So, from now on, this cake (which will be made on a regular basis because it is pretty darn delicious) will be called a "St. Patrick's Explosion" Cupcake or Cake.  It's an "explosion of Irish goodness in every single bite", as we decided last night while licking our fingers of the whisky ganache.  I'm about to make another one (a cake this time instead of cupcakes).  And, while I do, I plan to repent of my previous title by saying a Rosary dedicated to the victims of the car bombs. 

And truly, I am sorry.

When you walk by the pub and you see it... Or you overhear a bartender making it... Maybe one person stepping up and saying "Hey, while you're add it, can you toss in a "Burning Jap", you know, that drink that honors the dropping of the A-Bomb in WWII?" (or, perhaps, less offensively, asking the establishment to cease serving drinks with names like ICB) will, for a second, get people to think about the power that language has.

(And for those who think I'm taking it a step too far by being concerned and bothered... Imagine for just a second how PC any of the other made-up drink names I've used in this post are and if they'd be used... Would they be?  Would you drink/order one?)


Ms. J said...

I'm Irish and it didn't bother me, but if others were bothered and you can think of a fun, clever, name in place of it...Mazel!

I find "Chinese Auction" extremely offensive, as do most adoptive families with children from China. Even after I explain the history of it and how it's now considered in poor taste, I often have people think its not a big deal. Really? Then let's call it a "Jew Auction" or an "African American Auction." hmmm, still think its not a big deal?! Yep! Checkmate.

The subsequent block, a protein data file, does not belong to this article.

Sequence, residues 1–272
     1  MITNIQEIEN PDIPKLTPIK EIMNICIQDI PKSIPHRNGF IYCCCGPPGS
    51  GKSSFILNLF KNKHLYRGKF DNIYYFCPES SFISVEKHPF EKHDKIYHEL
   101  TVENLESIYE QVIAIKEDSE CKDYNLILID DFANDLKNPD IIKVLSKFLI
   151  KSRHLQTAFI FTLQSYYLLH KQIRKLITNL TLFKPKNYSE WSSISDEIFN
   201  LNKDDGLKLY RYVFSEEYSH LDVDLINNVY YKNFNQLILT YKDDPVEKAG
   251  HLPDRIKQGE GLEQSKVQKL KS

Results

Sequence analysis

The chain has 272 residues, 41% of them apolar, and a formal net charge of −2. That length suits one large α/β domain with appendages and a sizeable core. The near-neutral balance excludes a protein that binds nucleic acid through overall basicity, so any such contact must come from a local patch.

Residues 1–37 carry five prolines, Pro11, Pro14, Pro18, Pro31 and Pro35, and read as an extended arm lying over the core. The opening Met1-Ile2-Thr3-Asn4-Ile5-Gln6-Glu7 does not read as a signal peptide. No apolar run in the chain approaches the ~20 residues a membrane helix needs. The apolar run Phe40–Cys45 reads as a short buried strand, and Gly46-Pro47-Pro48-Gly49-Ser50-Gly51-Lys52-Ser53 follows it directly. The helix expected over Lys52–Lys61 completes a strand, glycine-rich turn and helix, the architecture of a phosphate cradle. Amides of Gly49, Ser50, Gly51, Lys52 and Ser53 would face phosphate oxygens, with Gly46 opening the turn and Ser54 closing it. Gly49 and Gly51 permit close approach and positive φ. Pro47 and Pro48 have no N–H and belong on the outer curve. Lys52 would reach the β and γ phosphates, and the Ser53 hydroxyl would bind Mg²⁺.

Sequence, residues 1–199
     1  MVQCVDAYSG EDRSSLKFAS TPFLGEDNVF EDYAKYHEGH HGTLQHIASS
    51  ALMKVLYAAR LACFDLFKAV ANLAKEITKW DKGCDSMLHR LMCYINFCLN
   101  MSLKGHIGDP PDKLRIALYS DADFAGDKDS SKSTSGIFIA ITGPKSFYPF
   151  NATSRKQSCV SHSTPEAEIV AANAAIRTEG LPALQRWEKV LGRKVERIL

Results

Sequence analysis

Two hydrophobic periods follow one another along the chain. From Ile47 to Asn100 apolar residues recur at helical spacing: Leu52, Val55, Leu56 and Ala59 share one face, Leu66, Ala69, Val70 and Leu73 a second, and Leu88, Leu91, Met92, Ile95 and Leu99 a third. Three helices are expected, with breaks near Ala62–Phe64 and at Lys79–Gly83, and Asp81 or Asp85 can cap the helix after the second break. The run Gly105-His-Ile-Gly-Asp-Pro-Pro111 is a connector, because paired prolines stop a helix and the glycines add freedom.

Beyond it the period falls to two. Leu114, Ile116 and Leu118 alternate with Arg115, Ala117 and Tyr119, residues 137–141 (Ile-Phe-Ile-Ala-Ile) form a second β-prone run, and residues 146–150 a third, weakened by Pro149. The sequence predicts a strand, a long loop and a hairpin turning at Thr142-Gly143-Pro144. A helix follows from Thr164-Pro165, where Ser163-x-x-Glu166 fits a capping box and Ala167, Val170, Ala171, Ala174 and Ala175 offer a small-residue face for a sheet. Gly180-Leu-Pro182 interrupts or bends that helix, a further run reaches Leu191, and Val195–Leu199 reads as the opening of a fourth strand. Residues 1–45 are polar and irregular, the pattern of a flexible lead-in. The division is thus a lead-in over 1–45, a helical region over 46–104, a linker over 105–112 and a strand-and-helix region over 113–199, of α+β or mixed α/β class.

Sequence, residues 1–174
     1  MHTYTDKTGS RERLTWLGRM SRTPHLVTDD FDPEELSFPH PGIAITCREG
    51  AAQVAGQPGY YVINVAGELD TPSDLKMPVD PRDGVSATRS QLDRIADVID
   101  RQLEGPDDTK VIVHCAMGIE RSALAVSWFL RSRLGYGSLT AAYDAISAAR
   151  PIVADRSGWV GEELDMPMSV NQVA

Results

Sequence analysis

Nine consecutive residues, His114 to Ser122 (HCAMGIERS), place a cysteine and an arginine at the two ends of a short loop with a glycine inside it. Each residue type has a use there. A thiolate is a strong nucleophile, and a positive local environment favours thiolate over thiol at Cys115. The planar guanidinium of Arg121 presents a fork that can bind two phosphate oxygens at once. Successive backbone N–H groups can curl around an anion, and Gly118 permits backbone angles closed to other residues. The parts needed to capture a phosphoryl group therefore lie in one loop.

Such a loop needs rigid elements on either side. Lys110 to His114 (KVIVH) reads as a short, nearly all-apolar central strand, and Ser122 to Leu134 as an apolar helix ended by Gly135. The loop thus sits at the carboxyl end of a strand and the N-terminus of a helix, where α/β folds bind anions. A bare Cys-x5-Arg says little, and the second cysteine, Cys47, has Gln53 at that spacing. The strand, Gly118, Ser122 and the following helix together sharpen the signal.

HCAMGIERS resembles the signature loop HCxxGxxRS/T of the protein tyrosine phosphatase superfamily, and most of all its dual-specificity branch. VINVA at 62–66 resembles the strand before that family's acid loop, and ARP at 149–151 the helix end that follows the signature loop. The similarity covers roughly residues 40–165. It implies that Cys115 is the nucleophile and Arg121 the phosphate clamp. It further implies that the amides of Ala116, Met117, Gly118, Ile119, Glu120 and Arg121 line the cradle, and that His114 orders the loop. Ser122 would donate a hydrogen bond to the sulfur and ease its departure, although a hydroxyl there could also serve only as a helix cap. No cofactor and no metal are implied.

I can't imagine how my little girl will feel when she comes across a banner somewhere, someday, that says "Chinese Auction" and jokes begin to roll that "haha, maybe they will auction off you!" Oh yeah, really funny to an adoptee from China, not to mentiOn a "special needs" adoptee. Cue sarcasm font.

Paula said...

Good job finding a new name for these. They look yummy although I can't stand stout (give me a glass of Bailey's any day).

Like Ms. J, as the parent of a child adopted from China, I dislike the term Chinese auction.

Cromdubh said...

You have nothing to apologise for.
Many people, including me, have been left with the most frightening memories, and perhaps it shows in various ways.
But to castigate a lady who posted a recipe for Paddy's Day cupcakes because of that period is beyond the beyonds.
Get a life! is all I can suggest to this chap

Leah said...

I think we should all be careful of what we say, but we should also take into account people's motives, and I can't believe for one minute that you would hurt someone on purpose.

I hate to generalize, but some Americans (definitely NOT including you in this) have a hard time recognizing what happens all over the world. Until something happens right in our own backyard do we realize how awful things happen. And it takes a special person (now I am referring to you!) to realize that calling this an Irish Car Bomb is as insensitive as calling it a 911 Cupcake. First and foremost, we are all members of this earth, and it's important to be respectful of all the hardships we've experienced.

Brigid said...

I don't think you were offensive at all!

I never thought twice about the name b/c my dad has us do them together as a fam and he's, like, the most Irish you can get!